The World Cup Stadiums of Brazil, In Awesome Illustrations

© André Chiote

In celebration of the Brazil World Cup, architect and illustrator André Chiote has created a series of featuring the tournament’s most iconic stadiums. Comparing the social importance of these to cathedrals, Chiote believes that “the new architectural objects are landmarks in the cities that will perpetuate in the future as a cultural and social legacy,” and there are few better ways to envision this legacy than to treat the structures with his abstracted, colorful aesthetic – in Brazilian green and yellow, of course. Check out the full illustration set after the break.

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AD Round Up: Architecture in Singapore

The Star / Andrew Bromberg of Aedas. Image Courtesy of Aedas

BCI Asia recently released its top ten awards list for architecture firms in Singapore. In recognition of some of these firms, as well as the excellence of the built work across this sovereign city-state, we’ve collected some of our favorite projects from Singapore. In this round-up you’ll find a mall by Aedas, a house by Ong&Ong, and a theme park attraction by DP Architects - all firms that placed on BCI’s list. No less deserving of attention is this public library by LOOK Architects, a hospital by Broadway Malyan, an art school by WOHA. The Tangga House, Cluny House, and The Golden Box, designed by Neri & Hu, Guz Architects, and K2Ld respectively are also fabulous works. We hope you’ll enjoy these projects, as well as our full list of architecture in Singapore located here.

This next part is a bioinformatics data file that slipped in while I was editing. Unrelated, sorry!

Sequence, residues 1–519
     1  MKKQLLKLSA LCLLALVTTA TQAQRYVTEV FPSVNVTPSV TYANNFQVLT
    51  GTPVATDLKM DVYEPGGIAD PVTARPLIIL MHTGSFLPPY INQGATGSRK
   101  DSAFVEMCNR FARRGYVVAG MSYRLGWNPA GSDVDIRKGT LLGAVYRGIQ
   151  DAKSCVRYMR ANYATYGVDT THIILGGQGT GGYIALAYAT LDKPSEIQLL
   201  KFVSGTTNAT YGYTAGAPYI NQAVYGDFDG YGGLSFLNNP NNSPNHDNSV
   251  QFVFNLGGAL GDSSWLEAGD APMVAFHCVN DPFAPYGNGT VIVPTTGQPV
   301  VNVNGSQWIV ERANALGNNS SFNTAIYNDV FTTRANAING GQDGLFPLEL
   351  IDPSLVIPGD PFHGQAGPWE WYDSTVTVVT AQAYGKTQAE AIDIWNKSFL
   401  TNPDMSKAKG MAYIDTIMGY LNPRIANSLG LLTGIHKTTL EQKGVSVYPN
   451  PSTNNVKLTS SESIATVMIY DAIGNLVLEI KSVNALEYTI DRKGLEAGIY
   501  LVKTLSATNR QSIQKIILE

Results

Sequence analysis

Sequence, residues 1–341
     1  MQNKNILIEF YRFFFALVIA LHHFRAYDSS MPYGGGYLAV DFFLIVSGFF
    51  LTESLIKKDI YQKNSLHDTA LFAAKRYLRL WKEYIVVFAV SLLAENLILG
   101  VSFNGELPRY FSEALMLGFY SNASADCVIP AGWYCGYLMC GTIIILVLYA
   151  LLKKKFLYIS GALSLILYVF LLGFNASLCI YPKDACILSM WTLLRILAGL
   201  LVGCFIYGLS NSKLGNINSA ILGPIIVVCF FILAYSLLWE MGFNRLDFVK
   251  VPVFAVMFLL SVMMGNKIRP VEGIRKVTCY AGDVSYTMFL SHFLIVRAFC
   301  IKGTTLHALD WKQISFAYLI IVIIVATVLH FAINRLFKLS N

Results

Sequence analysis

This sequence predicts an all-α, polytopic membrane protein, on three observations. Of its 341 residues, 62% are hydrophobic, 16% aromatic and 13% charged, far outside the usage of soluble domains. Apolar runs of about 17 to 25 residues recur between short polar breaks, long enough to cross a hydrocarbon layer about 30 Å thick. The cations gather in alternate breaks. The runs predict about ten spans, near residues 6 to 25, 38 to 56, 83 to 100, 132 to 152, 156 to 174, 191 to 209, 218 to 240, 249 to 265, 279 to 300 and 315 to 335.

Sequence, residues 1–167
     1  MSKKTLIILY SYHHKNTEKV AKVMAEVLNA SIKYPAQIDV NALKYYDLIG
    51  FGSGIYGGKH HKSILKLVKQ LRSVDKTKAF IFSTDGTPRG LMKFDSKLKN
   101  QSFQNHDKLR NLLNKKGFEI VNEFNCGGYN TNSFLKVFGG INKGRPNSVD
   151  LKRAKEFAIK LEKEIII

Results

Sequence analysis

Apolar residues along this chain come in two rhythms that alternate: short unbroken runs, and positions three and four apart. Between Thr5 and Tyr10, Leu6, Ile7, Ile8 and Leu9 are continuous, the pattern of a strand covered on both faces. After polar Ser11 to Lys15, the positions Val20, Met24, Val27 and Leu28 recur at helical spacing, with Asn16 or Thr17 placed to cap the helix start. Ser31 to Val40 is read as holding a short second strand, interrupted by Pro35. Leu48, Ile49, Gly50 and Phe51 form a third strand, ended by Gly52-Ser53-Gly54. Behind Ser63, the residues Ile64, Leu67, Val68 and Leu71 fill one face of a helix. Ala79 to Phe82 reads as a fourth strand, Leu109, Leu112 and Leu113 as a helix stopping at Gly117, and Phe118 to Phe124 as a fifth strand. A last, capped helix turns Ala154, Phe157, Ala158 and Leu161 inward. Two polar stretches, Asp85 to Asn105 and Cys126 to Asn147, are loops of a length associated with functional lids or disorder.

Lonberg-Holm: The Forgotten Architect, Remembered

Radio Broadcasting Station, Detroit by Knud Lonberg-Holm. Image Courtesy of

In one of his final interviews, Knud Lonberg-Holm quipped, “I’ve always been annoyed by rummaging through the past; the future interests me much more.” Not one to promote himself, the modernist architect all but disappeared after retirement, seemingly taking his contributions to architecture with him. After years of neglect, investigative research has finally unearthed just how influential Lonberg-Holm was. To learn about how he shaped information design (among many other things), continue reading Paul Makovsky’s exclusive article on Metropolis Magazine.